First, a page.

The defence also sought to prove that Mladic was not responsible for persecution in Bosnian Serb detention camps.
Journalist Ed Vulliamy, a prosecution witness, called detention camps near Prijedor “concentration camps”, but defence witnesses such as Miso Radic suggested that the crimes in such camps, such as the killing of 150 men in the Keraterm detention centre, were committed by policemen and not military officials under Mladic’s command.
Several former camp detainees testified about the horrific conditions and suffering in detention centres in Prijedor – but defence witnesses claimed that Bosniaks went to the centres voluntarily, seeking protection from Serb paramilitaries.
‘Reign of terror’
In its attempt to prove that Mladic used Bosnian Serb artillery to shell and terrorise civilians in the Bosnian capital Sarajevo during the 1992-95 siege, prosecutors presented a video recording of him ordering his units to “blow the minds” of people in the city by firing on districts in which there were few Serb inhabitants.
Former United Nations official David Harland testified that Karadzic and Mladic used the shelling of Sarajevo to terrorise the city’s population.
Several former UN peacekeepers who were deployed in Sarajevo agreed with his assessment. But they also accepted defence claims that the Bosnian Army provoked shelling by Mladic’s forces, although they said that the Serb response was disproportionate.
Mladic’s witnesses, mostly Serb officers, laid the blame for attacks at the hands of Bosniak military officials, claiming that the Bosnian Serb Army only responded to attacks.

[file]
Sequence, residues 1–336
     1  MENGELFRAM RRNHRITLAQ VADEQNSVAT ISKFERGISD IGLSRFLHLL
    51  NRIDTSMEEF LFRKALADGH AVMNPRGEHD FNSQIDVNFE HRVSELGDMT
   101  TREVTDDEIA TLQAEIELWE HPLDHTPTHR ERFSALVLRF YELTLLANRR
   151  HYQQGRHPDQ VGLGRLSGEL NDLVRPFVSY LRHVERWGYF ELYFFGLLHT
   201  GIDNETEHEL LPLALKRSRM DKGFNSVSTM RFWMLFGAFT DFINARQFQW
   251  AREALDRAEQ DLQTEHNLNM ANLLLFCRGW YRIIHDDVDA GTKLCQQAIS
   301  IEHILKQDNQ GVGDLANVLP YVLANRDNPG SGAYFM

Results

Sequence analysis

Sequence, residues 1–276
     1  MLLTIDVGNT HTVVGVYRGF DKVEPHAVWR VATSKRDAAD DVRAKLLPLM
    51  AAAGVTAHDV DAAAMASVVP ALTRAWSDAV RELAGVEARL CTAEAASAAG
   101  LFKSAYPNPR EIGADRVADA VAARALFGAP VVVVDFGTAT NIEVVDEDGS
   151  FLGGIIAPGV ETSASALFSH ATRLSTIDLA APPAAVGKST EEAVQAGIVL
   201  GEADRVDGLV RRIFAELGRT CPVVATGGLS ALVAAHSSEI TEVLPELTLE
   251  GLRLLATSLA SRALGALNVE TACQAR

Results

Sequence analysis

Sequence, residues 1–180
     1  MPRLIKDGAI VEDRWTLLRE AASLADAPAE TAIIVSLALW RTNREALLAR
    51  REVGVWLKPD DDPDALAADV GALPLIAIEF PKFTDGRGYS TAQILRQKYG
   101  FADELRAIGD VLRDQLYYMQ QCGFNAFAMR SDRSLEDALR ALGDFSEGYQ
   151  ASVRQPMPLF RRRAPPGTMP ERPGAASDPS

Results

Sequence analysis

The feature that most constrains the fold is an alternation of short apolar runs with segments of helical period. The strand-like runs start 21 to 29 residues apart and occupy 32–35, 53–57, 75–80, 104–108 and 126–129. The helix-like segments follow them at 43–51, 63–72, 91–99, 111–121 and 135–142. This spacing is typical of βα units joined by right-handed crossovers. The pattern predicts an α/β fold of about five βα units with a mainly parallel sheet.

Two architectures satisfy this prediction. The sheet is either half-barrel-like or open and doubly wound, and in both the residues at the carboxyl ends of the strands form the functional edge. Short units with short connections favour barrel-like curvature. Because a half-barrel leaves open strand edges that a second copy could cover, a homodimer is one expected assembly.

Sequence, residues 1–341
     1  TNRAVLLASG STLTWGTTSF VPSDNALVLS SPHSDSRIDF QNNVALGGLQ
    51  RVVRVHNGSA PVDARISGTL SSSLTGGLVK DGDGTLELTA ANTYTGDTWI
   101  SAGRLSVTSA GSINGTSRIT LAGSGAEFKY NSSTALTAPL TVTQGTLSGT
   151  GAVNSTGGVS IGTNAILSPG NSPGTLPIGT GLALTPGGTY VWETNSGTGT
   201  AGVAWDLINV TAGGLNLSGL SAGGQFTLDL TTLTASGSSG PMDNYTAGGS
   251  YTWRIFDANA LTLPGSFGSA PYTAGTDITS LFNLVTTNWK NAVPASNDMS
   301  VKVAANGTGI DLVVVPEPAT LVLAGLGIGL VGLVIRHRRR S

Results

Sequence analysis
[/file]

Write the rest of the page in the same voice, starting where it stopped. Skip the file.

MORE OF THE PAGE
Military expert Kovac meanwhile denied that Sarajevo was under siege at all.
One of the mostly hotly-contested issues was the shelling of the Markale marketplace in Sarajevo, when scores of people were killed in two separate attacks.
While prosecution expert Richard Higgs and Sarajevo investigators said the mortar shell was fired from the Serb side, defence ballistic experts argued that this was impossible and said that the massacres were staged.
Mladic’s lawyers also called several UN peacekeepers who said that the Serbs were not responsible for the marketplace attacks and that the Bosniaks staged the massacres to ensure NATO would intervene on their side.
Finally, the prosecution and defence agreed that Mladic’s forces captured more than 200 UN peacekeepers in the summer of 1995 – but while the prosecution said they were hostages, the defence called them prisoners of war.
Ahead of the start of the closing arguments in the case, Mladic’s lawyer told news agency AFP on Friday that the former Bosnian Serb military chief does not have “high hopes” of acquittal, as he believes the court is politically biased.
“He thinks that if they were to judge him according to the facts, he would be acquitted. But if it’s a political trial he will be convicted,” said lawyer Branko Lukic.
The verdict is expected next autumn.